One of those days! It began with a downpour as we set off from Brownhills and although it did brighten up we were forever taking our raincoats off or putting them on. We were pleased to find the Rushall flight open again after a stoppage to repair a broken balance beam and were happily cruising along towards the junction with the Tame Valley canal when we saw this:
An old iron tube had fallen from its bracket attaching it to the bridge. We simply couldn’t make the tight turn with it there. It was one of three and the other two were quite clearly empty. So in a spirit of self sufficiency we attempted to use the cable puller to winch it up out of the way. Pulling it upwards shifted it and then it became clear that this one wasn’t empty. It contained an electric cable which had evidently had its insulation severed at the point where the tube came out of the ground when then tube collapsed. It started arcing and we heard loud crackles and sparks as well as seeing flames and smoke. This was all happening some metres away from us but of course the lads who had been round the corner fishing all gathered round to see what the excitement was. Thankfully the fire didn’t last long and stopped when we quickly cut the rope which dropped the tube. Shouting for the kids to stay well back we also retreated and called 999 as well as the Canal & River Trust (although I could not get through to their “emergency number” and only got a voicemail message despite it being in office hours on a week day. I called the customer service number instead and managed to get a message to the area supervisor). It took some time for the fire service to find us and by the time they arrived the cable and sheathing at the point where it had arced had burnt itself out leaving just a small pile of ash. They did however have contact details for the electricity company in the area, who also showed up to help.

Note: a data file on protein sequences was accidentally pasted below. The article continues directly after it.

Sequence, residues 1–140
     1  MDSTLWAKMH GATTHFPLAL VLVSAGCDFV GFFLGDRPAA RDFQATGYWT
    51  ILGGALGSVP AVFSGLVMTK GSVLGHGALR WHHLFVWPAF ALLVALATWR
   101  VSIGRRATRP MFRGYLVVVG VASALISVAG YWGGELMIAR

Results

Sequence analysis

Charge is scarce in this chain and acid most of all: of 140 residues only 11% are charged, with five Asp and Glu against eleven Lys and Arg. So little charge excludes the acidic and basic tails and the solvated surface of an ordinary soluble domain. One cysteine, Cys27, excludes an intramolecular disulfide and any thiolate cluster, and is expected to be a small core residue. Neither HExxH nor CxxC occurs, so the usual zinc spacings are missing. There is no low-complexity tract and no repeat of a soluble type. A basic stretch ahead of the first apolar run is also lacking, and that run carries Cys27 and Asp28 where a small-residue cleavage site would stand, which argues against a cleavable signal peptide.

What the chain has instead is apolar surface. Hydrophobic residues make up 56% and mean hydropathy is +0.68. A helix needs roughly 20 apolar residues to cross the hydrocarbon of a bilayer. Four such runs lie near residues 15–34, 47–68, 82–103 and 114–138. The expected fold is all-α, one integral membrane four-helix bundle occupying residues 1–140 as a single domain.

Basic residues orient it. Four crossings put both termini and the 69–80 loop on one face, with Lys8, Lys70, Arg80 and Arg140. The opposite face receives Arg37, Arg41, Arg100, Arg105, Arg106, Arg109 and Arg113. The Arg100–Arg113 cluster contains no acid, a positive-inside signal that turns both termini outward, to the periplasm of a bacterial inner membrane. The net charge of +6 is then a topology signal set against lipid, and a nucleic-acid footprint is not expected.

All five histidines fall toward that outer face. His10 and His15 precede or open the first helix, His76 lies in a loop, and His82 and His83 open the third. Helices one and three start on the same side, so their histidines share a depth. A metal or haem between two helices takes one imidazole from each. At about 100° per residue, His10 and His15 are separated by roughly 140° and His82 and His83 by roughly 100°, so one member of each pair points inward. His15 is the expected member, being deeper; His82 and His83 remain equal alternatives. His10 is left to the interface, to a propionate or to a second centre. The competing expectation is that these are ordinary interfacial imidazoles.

It turns out that the cable supplied street lights along the M5 and M6.
We ended up having to wait for 5 hours, but were able to supply all the firemen, CRT chap, and electricity workers with tea. Once the right department of the electricity company turned up, and made sure after visiting the sub station that the cable wasn’t live, we winched the tube up out of the way and went through.
We were stuck for nearly 5 hours, and didnt get through until 6:30, so we’ve joined another boat at the moorings at the top of Perry Barr locks. Loud, but not as loud as being stuck under the M6!